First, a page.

"tested a recent, randomly selected issue of The Journal of Climate for at least one such misuse of significance tests in each article. The Journal of Climate was not selected because it is prone to include such errors but because it can safely be considered to be one of the top journals in climate science. In that particular issue we observed a misuse of significance tests in 14 out of 19 articles. A randomly selected issue of ten years before showed such misuse of significance tests in 7 out of 13 articles. These two samples perhaps would not pass a traditional significance test, but they do indicate that such errors occur in the best journals with the most careful writing and editing. Indeed, in one of this author’s papers such erroneous use occurred."So, 74% of the articles in a recent issue of a top climate science journal misused tests of statistical significance, compared to only 54% of articles in an issue from 10 years before. Thus, one might surmise that there is a trend of unprecedented, record high misuse of statistics in the field of climate science. As stated by Edward Wegman, PhD in mathematical statistics,
"As statisticians, we were struck by the isolation of communities such as the paleoclimate community that rely heavily on statistical methods, yet do not seem to be interacting with the mainstream statistical community. The public policy implications of this debate are financially staggering and yet no apparently independent statistical expertise was sought or used."And also well stated by the Clive Crook article in Atlantic Monthly,
"Climate scientists lean very heavily on statistical methods, but they are not necessarily statisticians. Some of the correspondents in these emails appear to be out of their depth. This would explain their anxiety about having statisticians, rather than their climate-science buddies, crawl over their work."Wikipedia: "Lies, damned lies, and statistics" is a phrase describing the persuasive power of numbers, particularly the use of statistics to bolster weak arguments...
Significance Tests in Climate Science
Maarten H. P. Ambaum, Department of Meteorology, University of Reading, United Kingdom
Abstract: A large fraction of papers in the climate literature includes erroneous uses of significance tests. A Bayesian analysis is presented to highlight the meaning of significance tests and why typical misuse occurs. The significance statistic is not a quantitative measure of how confident we can be of the ‘reality’ of a given result. It is concluded that a significance test very rarely provides useful quantitative information.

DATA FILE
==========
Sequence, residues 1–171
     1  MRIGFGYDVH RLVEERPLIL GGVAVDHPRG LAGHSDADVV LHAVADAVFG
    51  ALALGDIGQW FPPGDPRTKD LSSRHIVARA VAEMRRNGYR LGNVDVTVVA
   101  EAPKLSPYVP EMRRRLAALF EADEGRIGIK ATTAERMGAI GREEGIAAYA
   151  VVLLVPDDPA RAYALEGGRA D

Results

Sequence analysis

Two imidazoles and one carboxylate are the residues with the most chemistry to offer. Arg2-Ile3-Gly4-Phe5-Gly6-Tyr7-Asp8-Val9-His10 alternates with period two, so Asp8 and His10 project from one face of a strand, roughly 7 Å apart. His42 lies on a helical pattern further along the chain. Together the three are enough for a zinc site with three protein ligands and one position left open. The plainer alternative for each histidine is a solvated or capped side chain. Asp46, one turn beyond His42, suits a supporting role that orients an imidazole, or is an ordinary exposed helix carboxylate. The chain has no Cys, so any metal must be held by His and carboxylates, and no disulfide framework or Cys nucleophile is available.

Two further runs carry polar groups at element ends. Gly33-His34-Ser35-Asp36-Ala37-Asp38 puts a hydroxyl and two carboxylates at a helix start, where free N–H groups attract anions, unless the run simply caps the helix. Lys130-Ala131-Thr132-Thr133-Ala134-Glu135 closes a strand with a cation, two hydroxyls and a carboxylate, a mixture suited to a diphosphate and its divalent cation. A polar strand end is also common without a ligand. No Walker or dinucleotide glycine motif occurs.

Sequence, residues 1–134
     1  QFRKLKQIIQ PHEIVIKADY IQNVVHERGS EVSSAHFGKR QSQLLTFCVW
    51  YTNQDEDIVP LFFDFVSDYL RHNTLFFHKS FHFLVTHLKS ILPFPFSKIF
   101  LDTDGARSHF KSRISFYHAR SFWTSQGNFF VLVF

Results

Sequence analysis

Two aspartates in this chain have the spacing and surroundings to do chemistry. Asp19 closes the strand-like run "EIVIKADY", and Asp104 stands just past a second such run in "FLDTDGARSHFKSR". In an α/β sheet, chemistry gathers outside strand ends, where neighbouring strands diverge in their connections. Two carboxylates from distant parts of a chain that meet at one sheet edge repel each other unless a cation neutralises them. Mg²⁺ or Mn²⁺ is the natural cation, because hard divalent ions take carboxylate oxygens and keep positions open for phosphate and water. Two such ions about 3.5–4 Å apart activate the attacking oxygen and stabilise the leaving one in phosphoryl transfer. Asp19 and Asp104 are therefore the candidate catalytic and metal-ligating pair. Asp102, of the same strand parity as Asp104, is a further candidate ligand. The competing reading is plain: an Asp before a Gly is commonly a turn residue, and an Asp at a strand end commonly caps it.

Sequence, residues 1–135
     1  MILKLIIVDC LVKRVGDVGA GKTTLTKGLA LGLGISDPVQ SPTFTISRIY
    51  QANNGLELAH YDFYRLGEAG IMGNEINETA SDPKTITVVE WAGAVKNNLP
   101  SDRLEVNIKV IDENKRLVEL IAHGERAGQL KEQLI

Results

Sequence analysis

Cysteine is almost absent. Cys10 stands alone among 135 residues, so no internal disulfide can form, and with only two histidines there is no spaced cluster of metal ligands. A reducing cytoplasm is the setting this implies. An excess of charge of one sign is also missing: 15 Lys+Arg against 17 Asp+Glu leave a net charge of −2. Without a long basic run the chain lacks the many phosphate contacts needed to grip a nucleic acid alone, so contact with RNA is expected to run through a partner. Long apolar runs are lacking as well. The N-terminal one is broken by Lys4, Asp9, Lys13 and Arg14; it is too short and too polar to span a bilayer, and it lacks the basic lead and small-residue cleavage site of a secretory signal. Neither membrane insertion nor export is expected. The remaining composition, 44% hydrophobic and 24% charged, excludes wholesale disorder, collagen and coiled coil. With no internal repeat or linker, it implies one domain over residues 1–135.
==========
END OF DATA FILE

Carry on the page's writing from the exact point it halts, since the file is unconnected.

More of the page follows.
See also the article today published in of all places Mother Jones illustrating more flagrant misuses of statistics in the field of climate science.
Finally - Ambauum 2010 has discovered a clear correlation between atmospheric CO2 concentration and something. A rise of 5.2% (from 368.14 to 387.35 between 1999 and 2009 has clearl forced an increase of 20% in the frequency of statistical malpractice or incompetence among climate scientists. How has this been allowed to happen?ReplyDelete
I think we should be told.
I am the author of the paper. Thanks for your interest and for your posting.
I need to add a disclaimer to those using this paper to bolster a climate-sceptic cause: this paper provides no evidence whatsoever that climate science is flawed. It highlights a frequently occurring, technical misuse of significance tests (essentially, the error of the transposed conditional - read the paper if you want to know more).
It is not clear to what extent this misuse has muddied the waters of discussions in climate science, although I admit there may be a risk: significance thresholds are being used to give an air of quantified credibility to certain statistical results. The significance test clearly quantifies something, but it does not quantify the credibility of a result.